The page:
- Insights into key drivers affecting labor markets
- Best practices & approaches to reinvent labor policies
- Ideas on how to better manage/leverage outsourced service providers
- Changes for attracting & retaining the best talent to meet service levels
Most leaders are beginning to recognize the current labor challenges aren’t temporary or solely pandemic driven. The Great Resignation has made it significantly more challenging for many US firms to retain good talent and fill open positions.
Contact centers have not been immune to this phenomenon as traditional contact center roles have been drastically affected. Attrition and recruiting difficulties are not new to contact centers, and strategies to combat this have been developed and honed over the years.
But for some reason, this time, it feels different. This time, traditional retention and recruiting strategies don’t seem to have the same success level for some organizations. Why is this? And what can customer support operations do to begin to solve the current challenges of the labor market?
To begin solving any problem, we must clearly define and understand the root causes. Once we know the causation, we can formulate and pilot solutions. Research firms, recruiting experts, universities, employers, US Labor Statistics, and other data sources have identified several contributing factors behind the Great Resignation.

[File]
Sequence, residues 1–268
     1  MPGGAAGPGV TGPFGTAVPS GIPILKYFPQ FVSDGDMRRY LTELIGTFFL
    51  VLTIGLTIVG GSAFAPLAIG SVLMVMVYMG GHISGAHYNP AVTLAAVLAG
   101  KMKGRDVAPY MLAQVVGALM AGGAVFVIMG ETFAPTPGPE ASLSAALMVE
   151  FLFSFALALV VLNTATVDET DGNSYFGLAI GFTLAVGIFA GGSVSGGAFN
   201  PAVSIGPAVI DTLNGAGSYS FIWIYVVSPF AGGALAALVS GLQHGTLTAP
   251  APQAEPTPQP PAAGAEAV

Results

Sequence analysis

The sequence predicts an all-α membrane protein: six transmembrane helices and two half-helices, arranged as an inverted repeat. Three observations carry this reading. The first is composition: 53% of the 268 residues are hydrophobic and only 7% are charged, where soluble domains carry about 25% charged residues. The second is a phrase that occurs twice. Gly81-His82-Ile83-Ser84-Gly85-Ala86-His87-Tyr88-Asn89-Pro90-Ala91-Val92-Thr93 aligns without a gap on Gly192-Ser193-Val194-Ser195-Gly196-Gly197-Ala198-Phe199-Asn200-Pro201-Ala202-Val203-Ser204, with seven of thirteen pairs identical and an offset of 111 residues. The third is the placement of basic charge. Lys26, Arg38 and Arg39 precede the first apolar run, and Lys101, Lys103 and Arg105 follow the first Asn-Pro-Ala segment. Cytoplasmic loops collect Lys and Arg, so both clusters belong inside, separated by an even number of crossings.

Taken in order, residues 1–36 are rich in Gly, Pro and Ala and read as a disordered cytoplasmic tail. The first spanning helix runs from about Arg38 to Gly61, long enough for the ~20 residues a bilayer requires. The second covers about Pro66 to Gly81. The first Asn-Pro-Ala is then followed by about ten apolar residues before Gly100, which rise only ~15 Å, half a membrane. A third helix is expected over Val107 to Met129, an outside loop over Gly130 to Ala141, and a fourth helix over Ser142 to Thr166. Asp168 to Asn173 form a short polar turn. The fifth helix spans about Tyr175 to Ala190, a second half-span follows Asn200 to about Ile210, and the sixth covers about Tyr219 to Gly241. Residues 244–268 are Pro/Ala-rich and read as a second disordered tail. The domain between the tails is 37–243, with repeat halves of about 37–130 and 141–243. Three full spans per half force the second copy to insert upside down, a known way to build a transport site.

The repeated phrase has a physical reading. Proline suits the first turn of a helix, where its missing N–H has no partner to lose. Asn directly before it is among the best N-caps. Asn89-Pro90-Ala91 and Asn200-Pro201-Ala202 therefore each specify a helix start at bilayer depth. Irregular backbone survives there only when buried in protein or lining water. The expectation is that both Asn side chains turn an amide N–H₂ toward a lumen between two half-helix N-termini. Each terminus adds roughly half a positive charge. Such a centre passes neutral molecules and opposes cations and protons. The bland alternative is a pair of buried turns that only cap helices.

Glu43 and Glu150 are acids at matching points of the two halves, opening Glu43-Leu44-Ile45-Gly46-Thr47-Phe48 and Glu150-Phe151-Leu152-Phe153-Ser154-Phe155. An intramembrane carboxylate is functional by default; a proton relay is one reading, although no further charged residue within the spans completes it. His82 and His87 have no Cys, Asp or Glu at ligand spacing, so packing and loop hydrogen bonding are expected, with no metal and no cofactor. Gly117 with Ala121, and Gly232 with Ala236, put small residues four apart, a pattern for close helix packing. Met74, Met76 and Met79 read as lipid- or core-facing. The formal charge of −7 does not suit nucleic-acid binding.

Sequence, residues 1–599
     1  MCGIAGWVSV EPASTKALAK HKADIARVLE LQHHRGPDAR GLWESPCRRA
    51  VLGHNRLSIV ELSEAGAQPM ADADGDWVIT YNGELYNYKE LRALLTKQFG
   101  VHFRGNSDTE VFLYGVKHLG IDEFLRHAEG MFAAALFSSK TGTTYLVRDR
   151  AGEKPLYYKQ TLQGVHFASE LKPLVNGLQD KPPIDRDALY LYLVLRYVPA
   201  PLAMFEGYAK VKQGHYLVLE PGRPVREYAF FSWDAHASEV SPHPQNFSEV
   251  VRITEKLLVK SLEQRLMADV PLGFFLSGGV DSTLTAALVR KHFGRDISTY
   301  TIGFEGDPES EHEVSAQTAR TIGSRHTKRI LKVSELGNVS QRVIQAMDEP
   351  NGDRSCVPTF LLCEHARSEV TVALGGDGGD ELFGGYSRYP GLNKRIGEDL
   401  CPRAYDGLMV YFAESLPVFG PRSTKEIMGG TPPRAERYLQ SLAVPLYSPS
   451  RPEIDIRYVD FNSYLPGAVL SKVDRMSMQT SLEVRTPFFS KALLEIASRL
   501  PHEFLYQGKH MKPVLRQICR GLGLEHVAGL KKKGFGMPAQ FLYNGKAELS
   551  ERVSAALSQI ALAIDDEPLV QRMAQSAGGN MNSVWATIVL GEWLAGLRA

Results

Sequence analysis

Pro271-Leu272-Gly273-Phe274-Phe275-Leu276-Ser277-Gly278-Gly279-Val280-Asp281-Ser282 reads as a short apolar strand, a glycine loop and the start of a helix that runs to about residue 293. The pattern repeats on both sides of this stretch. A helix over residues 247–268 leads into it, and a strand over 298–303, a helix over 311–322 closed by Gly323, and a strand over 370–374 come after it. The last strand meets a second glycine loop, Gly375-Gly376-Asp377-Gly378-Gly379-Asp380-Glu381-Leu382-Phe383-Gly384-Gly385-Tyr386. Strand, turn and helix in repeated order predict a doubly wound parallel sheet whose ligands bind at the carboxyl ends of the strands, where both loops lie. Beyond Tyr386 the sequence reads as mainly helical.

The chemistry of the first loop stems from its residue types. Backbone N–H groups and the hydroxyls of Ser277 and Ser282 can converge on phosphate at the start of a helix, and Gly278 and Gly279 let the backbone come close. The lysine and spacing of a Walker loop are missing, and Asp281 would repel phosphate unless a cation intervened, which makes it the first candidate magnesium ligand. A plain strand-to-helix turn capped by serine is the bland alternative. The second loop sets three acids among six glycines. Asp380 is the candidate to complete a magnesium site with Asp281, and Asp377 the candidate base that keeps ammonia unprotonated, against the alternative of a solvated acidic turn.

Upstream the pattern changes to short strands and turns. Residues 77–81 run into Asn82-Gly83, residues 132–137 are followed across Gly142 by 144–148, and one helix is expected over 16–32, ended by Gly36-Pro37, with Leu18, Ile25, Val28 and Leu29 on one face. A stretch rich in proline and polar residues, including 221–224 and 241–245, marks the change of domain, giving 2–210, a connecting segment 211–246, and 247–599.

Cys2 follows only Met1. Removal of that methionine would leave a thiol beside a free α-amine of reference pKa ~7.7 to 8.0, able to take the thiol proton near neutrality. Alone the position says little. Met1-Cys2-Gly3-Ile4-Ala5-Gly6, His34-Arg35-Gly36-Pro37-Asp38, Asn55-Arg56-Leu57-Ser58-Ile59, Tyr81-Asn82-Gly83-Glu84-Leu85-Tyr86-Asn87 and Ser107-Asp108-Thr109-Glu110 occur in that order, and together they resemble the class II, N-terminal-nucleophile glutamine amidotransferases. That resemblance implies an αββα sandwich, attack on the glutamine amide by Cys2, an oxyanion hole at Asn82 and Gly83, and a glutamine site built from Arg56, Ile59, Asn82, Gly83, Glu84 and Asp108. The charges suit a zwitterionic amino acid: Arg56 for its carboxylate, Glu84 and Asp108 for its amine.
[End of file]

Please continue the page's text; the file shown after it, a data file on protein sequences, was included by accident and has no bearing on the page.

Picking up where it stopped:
Significant labor market trends may be the primary cause of a particular contact center’s hiring and retention challenges. However, there is still a possibility that labor issues are unique to that call center. We recommend conducting a study to identify and confirm your specific drivers to know for sure.
More Jobs than Workers
The main driver of labor challenges is the simple fact that there are millions more job openings than people looking for a job. According to the US Bureau of Labor Statistics, there were 10.9 million job openings in the US in February 2022 compared to 6.3 million unemployed persons. This gap creates a vacuum that favors the average US worker and makes it difficult for employers to attract new talent and hold on to good workers.
A job market where skilled labor has the upper hand allows workers to reflect on how satisfied they are with their current job and employer. Workers have more options, and their talents are in high demand! You’ve probably considered changing careers during the past two years, or maybe you did.
A recent article by the HR Network referred to the Great Resignation as the Great Reassessment. HR network said, “It takes a significant or traumatic event like a pandemic or world war to get people questioning their lives and how work fits into it.” Well, I think we can all agree that the pandemic, wars, and social unrest over the past two years qualify as “significant or traumatic events.”
What existing criteria are prospective employees using to evaluate customer support roles, and how does your organization measure up? Limeade’s research found that people primarily changed jobs for:
- higher compensation
- flexible work schedule
- work-life balance
- ability to work remotely
How well do your organization’s customer support roles compare against these criteria? Typically, contact center jobs don’t offer much flexibility, and compensation is at or near minimum wage — especially for staff with less tenure.
What differentiates your organization’s customer support roles to stand out in today’s hyper-competitive labor market?
The Big Gig